Eretria(redirected from Eretria, Greece)
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Eretria(ĕrē`trēə), ancient city of Greece, in Euboea (now Évvoia), SE of Chalcis (now Khalkís), its rival. In the 7th and 6th cent. B.C., Eretria sent out many colonists to islands and coasts of the N Aegean. It supported (499 B.C.) the Ionian cities in the revolt against Persian control. In retaliation Darius I destroyed (490 B.C.) the city. Athens planted (c.445 B.C.) a colony there, which revolted in 411 with the rest of Euboea. Much later, after the second Delian League had been created, Eretria again revolted (349 B.C.). Excavations have uncovered the city walls, temple of Apollo, theater, and some public buildings.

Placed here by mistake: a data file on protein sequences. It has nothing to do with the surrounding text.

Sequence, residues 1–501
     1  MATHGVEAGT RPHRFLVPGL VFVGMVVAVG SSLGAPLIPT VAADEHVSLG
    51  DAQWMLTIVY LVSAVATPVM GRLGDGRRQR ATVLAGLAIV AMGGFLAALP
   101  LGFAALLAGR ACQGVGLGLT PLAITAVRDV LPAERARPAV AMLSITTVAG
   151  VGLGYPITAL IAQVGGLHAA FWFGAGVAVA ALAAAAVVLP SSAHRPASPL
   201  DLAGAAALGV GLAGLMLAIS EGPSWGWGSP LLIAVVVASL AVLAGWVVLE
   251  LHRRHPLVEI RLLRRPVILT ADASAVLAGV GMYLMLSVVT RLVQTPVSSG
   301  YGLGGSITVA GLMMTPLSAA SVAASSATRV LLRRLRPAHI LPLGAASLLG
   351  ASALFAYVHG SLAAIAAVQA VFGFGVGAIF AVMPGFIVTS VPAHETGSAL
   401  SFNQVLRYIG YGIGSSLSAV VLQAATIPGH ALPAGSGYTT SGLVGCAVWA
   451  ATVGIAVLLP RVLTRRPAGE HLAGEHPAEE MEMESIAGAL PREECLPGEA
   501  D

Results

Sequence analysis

(Nea Psara), an ancient Greek city on the southwestern coast of the island of Euboea. Having reached a high level of development in the eighth and seventh centuries B.C., Eretria founded colonies in Chalcidice, southern Italy, and Sicily. It was destroyed by the Persians in 490 B.C. for supporting the Ionian revolt, and its inhabitants were sold into slavery. After being rebuilt in 480 B.C. with the help of Athens, it joined the Delian League. After Greece was conquered by Rome in 146 B.C, Eretria was made part of the province of Macedonia.